The research links local news and community public health

Die Forschung verknüpft lokale Nachrichten und die öffentliche Gesundheit von Gemeinden

Recognition: Oregon Local News and Information Ecosystem Assessment 2022

A new report from the University of Oregon School of Journalism and Communication’s Agora Journalism Center found that Oregonians are unequally served by local news media and that some communities have few local news outlets. The report also describes how journalists and civil society leaders are deeply concerned about the state’s ability to meet its challenges at a time when the number of news outlets is shrinking, news audiences are shrinking and misinformation is on the rise.

The 2022 Assessing Oregon’s Local News and Information Ecosystem report was co-authored by Agora Journalism Center Research Director Regina Lawrence and Director Andrew DeVigal, and two graduate students from the UO School of Journalism and Communication.

The research is the first attempt to comprehensively count the number of established and emerging news agencies in Oregon and to assess the state’s local news and information ecosystem. It includes an interactive map of news outlets across the state that regularly publish original local news.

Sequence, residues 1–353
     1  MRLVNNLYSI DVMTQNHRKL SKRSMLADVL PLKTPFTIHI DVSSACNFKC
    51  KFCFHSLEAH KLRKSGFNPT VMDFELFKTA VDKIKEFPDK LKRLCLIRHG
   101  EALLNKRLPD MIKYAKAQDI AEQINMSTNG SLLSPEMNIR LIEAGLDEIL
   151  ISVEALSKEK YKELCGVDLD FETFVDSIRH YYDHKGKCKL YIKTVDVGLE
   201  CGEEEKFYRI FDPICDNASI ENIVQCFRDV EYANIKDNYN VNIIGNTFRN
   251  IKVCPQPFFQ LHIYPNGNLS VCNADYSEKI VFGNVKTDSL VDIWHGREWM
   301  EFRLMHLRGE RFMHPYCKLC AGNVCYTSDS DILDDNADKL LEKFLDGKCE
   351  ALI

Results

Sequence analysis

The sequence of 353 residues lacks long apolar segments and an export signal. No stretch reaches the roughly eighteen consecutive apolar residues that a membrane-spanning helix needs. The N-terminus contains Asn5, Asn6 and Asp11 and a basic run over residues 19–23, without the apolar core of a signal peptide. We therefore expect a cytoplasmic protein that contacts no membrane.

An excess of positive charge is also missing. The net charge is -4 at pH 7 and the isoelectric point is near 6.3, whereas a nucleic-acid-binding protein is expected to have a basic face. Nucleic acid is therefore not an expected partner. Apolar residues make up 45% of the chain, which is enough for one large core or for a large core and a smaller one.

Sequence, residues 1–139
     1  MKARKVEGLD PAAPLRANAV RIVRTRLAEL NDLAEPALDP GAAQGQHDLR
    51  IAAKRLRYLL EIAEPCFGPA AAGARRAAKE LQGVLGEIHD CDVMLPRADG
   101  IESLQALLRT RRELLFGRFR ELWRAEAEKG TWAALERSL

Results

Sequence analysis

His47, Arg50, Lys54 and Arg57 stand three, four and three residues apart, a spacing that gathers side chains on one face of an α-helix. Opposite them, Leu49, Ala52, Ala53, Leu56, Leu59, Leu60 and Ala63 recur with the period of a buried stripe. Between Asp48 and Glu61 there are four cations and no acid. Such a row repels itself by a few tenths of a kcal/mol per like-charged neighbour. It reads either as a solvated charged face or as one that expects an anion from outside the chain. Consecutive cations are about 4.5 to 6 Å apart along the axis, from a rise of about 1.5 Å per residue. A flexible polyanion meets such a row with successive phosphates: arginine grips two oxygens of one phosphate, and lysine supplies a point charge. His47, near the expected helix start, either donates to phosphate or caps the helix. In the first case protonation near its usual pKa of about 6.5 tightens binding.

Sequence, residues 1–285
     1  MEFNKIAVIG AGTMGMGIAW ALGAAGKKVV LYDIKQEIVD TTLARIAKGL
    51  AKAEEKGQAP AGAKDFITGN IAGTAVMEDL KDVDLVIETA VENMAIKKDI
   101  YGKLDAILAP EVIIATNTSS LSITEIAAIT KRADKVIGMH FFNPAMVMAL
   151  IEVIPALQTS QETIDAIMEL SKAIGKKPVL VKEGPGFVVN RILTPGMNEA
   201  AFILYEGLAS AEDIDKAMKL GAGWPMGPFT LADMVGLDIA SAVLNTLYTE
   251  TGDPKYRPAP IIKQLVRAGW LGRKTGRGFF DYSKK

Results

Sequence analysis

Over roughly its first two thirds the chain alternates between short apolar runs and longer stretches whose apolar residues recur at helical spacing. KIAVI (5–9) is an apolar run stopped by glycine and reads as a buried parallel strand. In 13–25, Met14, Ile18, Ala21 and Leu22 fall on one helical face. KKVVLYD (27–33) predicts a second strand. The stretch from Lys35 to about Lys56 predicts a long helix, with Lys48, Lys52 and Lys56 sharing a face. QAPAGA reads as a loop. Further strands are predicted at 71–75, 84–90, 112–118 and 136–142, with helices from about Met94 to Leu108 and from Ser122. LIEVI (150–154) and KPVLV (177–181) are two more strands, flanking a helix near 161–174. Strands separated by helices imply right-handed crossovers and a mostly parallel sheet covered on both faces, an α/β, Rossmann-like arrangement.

It also includes a comprehensive review of research demonstrating the importance of local news to the health of community citizens; Findings from interviews with over two dozen Oregon journalists, experts and leaders; and recommendations for strengthening our local news ecosystem.

“At a time when Oregon, like so many states across the country, faces critical challenges, it is important to recognize the irreplaceable role of local news in our state’s civic health. The decline in local news production in Oregon reflects national trends, but Oregon can learn from initiatives being attempted in other states and lead the way in reversing the decline,” Lawrence said.

The authors say the report’s findings raise concerns about Oregon’s news and information infrastructure, as research shows areas without local news have lower civic engagement, higher rates of polarization and corruption, and reduced sense of community.

“Evidence is mounting that the civic health of communities is inextricably linked to the future of local news. Our analysis represents a step in assessing the health of the Oregon local news and civic information ecosystem. We are committed to working with others who care about strengthening Oregon residents’ access to trusted news and information, based on the recommendations that we outline in the report,” DeVigal said.

The report provides examples of how many of Oregon’s legacy news organizations are finding ways to adapt, innovate, and grow despite the increasingly challenging environment. It also highlights innovations happening across the country to encourage closer collaboration between newsrooms, to leverage limited resources, guidance and tools from journalistic support organizations, and efforts in some states to allocate public funding to support local news.

When local newspapers close, struggling communities are hit hardest

More information:

Provided by the University of Oregon

Citation: Research links Local News, Civic Health of Communities (2022, October 21), retrieved October 21, 2022 from

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